The rostellum of the stigma of violets, or of the operculum of many mosses.
(botany) A projecting part of the column in the flower of an orchid that separates the male stamen from the female gynoecium.
(biology) A retractable protruding part at the anterior end of a soft-bodied tapeworm; the scolex from which it protrudes is often armed with hooks which serve to keep it in place attached to the host.
This column stands up from the base of the flower, almost at right angles to the lip, and it bears at the top an anther, in the two hollow lobes of which are concealed the two pollen-masses, each with its caudicle terminating below in a roundish gland, concealed at first in the pouch-like rostellum at the front of the column.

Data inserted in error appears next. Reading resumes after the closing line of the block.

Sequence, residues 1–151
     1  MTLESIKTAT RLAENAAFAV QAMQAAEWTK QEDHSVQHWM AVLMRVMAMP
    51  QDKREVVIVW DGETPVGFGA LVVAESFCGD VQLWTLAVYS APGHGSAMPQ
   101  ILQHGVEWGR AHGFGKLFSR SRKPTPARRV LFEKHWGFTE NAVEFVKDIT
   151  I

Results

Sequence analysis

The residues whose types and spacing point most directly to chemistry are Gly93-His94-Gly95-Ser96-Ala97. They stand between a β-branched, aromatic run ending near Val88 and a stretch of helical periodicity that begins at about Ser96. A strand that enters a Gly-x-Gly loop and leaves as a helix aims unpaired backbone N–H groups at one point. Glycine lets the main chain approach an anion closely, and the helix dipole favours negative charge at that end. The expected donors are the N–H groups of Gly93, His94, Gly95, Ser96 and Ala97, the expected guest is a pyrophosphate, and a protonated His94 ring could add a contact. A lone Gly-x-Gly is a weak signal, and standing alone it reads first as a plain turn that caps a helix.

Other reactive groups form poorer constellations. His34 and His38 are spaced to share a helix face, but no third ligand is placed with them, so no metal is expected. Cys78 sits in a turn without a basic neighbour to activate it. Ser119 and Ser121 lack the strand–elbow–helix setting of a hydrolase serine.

These complex organs have apparently arisen by the increase in depth and differentiation of an accessory sucker such as is borne on the phyllidia of the former group. Lastly, the scolex of the more familiar Taeniidae (Tetracotylea) carries a rostellum encircled with hooks and four cup-shaped suckers the margins of which do not project beyond the surface of the body.
In one genus (Polypocephalus) the place of a rostellum is taken by a crown of retractile tentacles.
A peculiar modification of this type of scolex occurs in the Echinobothridae, in which the axial part of the organ (the rostellum) is elongated and provided with several rows of hooks, whilst the phyllidia have partially fused.